Scientists have discovered a new way to determine whether a preterm infant is at risk for motor development problems. In a new report published in Radiology, researchers explain how a test could predict the likelihood a premature newborn will have developmental problems by his first birthday.
Medical professionals will say pregnancy has gone its full term when delivery occurs 40 weeks after the mother’s last menstrual period. The gestational period for preterm birth is anything less than 37 weeks.
Researchers studied 43 infants who were born prematurely, at less than 32 weeks gestation, before admission to the neonatal intensive care unit (NICU) at the University College of London. The births occurred between 2007 and 2010.
Biomedical brain changes
Testing included magnetic resonance imaging and magnetic resonance spectroscopy, known as MRI and MRS respectively, of the babies’ brains. Images from an MRI of the brain can show bleeding in and around a baby’s brain. MRS measures chemicals and biomedical changes in the brain.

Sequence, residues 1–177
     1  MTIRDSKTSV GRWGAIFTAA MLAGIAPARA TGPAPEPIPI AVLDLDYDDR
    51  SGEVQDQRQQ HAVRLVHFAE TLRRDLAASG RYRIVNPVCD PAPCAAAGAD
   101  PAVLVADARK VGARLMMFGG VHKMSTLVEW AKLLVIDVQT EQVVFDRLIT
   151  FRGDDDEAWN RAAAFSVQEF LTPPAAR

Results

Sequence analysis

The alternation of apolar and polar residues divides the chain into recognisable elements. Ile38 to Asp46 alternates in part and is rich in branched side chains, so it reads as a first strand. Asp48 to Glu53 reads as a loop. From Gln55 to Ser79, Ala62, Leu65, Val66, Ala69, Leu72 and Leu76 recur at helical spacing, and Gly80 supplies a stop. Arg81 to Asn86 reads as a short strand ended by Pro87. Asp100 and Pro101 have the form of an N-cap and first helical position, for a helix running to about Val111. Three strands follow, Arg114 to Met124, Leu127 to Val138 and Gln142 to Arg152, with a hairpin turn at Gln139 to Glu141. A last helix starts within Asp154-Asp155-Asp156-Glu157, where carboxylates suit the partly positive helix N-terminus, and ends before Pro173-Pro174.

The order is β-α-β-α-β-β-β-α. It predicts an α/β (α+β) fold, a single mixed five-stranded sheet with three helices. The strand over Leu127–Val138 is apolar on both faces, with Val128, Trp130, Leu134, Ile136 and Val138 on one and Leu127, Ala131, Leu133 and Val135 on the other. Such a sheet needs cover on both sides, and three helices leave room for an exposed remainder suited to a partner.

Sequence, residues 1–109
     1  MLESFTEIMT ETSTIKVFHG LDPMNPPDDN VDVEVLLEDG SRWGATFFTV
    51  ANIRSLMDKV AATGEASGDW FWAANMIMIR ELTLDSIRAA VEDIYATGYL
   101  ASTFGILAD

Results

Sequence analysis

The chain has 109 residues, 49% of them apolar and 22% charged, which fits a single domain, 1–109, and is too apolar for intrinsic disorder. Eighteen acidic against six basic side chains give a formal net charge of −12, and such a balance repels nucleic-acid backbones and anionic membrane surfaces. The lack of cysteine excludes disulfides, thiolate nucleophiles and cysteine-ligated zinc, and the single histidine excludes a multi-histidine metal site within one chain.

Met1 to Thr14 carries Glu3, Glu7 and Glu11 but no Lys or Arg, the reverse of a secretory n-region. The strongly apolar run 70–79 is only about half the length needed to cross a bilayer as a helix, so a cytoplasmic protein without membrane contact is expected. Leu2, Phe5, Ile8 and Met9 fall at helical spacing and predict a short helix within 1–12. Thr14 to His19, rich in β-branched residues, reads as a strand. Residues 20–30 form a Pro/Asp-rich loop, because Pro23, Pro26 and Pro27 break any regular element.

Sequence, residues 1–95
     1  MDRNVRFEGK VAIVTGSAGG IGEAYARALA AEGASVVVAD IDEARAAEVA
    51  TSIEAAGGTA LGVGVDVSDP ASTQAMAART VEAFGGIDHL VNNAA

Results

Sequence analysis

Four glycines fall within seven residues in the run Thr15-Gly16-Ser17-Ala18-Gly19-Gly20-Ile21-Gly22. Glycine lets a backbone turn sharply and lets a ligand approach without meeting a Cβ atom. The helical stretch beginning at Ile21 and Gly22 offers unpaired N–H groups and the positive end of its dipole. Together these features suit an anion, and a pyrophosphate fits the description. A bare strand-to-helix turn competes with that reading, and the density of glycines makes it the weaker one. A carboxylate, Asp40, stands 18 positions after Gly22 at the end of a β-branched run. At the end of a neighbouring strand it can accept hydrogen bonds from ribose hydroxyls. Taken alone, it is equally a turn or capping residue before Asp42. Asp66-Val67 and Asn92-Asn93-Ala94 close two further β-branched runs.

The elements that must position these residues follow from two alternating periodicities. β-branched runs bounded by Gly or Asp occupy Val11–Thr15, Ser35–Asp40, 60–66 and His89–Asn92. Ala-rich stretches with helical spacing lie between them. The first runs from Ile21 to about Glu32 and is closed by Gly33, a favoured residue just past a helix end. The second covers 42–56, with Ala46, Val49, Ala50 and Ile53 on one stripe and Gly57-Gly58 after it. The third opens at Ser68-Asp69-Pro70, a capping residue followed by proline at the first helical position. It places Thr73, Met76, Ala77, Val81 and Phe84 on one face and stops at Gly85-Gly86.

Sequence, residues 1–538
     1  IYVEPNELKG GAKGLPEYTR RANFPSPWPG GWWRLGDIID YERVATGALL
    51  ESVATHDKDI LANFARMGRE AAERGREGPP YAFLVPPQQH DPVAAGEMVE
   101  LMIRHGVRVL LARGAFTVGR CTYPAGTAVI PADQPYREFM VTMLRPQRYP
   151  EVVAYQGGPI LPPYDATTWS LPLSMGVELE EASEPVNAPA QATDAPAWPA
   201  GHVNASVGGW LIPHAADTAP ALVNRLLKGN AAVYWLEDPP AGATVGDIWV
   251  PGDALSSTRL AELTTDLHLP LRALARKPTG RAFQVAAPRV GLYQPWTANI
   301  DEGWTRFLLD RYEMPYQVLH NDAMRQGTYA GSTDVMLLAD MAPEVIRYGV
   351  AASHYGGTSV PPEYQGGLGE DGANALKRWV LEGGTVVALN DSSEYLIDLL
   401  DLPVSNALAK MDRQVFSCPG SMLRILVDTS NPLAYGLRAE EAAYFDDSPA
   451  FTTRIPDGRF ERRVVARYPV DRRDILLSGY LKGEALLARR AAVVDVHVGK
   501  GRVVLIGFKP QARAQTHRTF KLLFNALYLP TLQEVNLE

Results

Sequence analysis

The researchers focused their MRI and MRS studies on white matter in the babies’ brains. Nerve fibers inside white matter connect important functional areas of the brain. White matter affects how a baby’s brain learns and functions. The white matter in a newborn’s brain is extremely fragile and vulnerable to damage.
One year later, the researchers re-evaluated 40 of the 43 infants. The scientists used the Bayley Scales of Infant and Toddler Development, a widely accepted tool that measures communication, fine motor, and gross motor skills in young children. The researchers found that 15 of the 40 children scored poorly in motor skills and four children showed cognitive impairment, a condition that causes memory and thinking problems.
Analysis of the MRS and Bayley Scales showed a close association between chemical ratios – high choline/creatine and low N-acetylaspartate/choline – at birth and developmental problems at one year. Observing this chemical imbalance in a newborn predicted with 70 percent certainty that the child would suffer developmental problems later.
Source: Radiological Society of North America. "Predicting developmental delays in preterm infants through brain chemical ratios." Medical News Today. MediLexicon, Intl., 22 Dec. 2013. Web. 10 Jan. 2014.